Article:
The Nazis have taken over your town, the men are in prisons or factories, and food is scarce. How will you get through the rest of the war?
That’s the central question of “Les Parisiennes,” Anne Sebba’s deep look at the women caught in the occupation of Paris during World War II. The best answer may be, “C’est compliqué,” the one the French came to lean upon.
From 1940 to 1945, Paris became “a significantly feminized city,” Sebba writes, “and the women had to negotiate on a daily basis with the male occupier.” She digs into that overlooked aspect of a much documented war.
In the summer of 1940, some believed that France’s early surrender would spare them the worst of war. But as Sebba’s chapters unfold, that optimism gives way to soul-sucking choices. Would the film star Arletty cozy up to German officials and keep her career? Would the mother Odette work for the Resistance despite the toll on her family? When the deportation of Jews begins, would people fight, flee or betray? At war’s end, there would be a reckoning for all.
“Les Parisiennes” takes place at a time when French women did not yet have the right to vote but made life-or-death decisions. To bring their roles into focus, Sebba, a British author and journalist, interviewed survivors and combed through records, from family letters to prisoner transfers to chilling denunciation files.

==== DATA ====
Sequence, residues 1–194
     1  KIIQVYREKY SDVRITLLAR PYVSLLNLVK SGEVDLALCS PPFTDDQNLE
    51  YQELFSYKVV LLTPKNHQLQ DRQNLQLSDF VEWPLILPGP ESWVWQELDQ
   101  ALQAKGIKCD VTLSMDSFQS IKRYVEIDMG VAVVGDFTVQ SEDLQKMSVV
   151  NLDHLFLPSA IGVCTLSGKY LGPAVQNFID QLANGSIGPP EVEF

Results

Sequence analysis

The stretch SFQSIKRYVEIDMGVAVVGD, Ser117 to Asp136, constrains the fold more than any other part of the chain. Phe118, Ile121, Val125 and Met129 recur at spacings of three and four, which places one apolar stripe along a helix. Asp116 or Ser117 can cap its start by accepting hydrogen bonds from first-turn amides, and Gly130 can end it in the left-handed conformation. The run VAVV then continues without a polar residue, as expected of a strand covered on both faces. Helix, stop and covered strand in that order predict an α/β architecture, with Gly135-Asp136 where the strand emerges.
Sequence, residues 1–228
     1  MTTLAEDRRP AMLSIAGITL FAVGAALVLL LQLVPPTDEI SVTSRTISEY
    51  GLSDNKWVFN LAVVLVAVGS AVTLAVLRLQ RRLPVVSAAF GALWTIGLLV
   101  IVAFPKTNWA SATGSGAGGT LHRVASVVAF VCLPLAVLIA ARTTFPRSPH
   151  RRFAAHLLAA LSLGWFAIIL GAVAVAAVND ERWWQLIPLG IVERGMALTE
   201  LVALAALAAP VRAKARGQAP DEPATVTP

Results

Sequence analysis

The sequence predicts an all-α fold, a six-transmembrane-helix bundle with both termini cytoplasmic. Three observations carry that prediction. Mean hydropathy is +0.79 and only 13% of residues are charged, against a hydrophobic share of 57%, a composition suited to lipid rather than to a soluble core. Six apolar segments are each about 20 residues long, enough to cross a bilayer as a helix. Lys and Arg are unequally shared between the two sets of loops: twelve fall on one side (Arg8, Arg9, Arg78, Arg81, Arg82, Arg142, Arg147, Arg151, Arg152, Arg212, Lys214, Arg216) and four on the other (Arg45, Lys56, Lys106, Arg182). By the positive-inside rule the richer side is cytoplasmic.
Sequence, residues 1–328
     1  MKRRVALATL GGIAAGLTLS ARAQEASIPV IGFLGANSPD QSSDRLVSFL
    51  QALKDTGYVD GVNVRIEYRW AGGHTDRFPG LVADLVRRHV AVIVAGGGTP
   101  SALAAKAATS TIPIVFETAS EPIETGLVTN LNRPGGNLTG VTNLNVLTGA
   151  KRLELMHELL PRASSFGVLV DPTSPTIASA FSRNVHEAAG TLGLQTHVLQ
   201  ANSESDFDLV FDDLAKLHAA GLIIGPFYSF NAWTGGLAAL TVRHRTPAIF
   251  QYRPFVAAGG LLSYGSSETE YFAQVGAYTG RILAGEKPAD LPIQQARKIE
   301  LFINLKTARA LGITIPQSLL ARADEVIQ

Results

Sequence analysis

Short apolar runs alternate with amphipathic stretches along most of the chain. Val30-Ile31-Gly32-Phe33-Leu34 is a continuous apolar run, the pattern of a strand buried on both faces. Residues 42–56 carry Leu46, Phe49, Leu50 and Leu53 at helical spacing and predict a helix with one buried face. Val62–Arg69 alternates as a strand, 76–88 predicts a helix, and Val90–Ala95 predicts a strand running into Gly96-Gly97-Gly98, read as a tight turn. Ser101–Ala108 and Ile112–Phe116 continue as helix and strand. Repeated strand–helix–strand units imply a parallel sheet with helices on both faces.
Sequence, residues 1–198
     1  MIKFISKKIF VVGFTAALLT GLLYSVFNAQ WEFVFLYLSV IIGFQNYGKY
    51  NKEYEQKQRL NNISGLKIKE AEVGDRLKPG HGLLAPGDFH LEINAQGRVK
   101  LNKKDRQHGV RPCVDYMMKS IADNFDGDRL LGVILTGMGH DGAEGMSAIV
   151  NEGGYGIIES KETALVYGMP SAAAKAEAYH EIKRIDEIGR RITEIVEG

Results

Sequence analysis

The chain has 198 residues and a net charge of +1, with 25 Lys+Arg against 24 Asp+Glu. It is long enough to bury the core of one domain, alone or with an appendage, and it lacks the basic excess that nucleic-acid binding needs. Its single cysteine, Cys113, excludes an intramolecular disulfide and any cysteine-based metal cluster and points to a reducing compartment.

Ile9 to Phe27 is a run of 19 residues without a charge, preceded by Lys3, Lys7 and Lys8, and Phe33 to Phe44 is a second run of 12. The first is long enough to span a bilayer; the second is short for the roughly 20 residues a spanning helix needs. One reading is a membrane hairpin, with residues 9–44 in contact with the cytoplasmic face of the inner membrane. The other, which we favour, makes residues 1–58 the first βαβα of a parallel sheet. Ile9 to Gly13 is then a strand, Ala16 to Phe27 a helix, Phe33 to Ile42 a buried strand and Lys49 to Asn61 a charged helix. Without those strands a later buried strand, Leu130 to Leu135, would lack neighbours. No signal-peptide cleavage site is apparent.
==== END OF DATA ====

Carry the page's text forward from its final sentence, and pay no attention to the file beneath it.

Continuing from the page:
Her “cast list” names scores of women, from the resisters to the collaborators and everyone in between. The singer Edith Piaf, who entertained Nazis but gave money to help Jews flee. The Communist Lise London, who organized a riot to protest food shortages. Charles de Gaulle’s niece Geneviève, who joined many other women in a concentration camp.
A focus on French women in Paris at this time would be an ample story in itself, but Sebba widens the frame to include British women working as spies, fashion designer Christian Dior in the postwar period and outtakes from her biography of Wallis Simpson, the American divorcée for whom Edward VIII abdicated the British throne.
All this makes for a dense, sometimes dizzying read, and as a result Sebba’s work suffers in comparison with the storytelling of history writers Laura Hillenbrand and Erik Larson.
Still, many readers will find this book well worth the effort. Though flawed, it achieves Sebba’s goal of bringing attention to the women of this period, the perils of their choices and the transformative power of their ordeal.
Maureen McCarthy is the Star Tribune’s topics team leader.
Les Parisiennes: How the Women of Paris Lived, Loved and Died Under Nazi Occupation
By: Anne Sebba.
Publisher: St. Martin's Press, 448 pages, $27.99.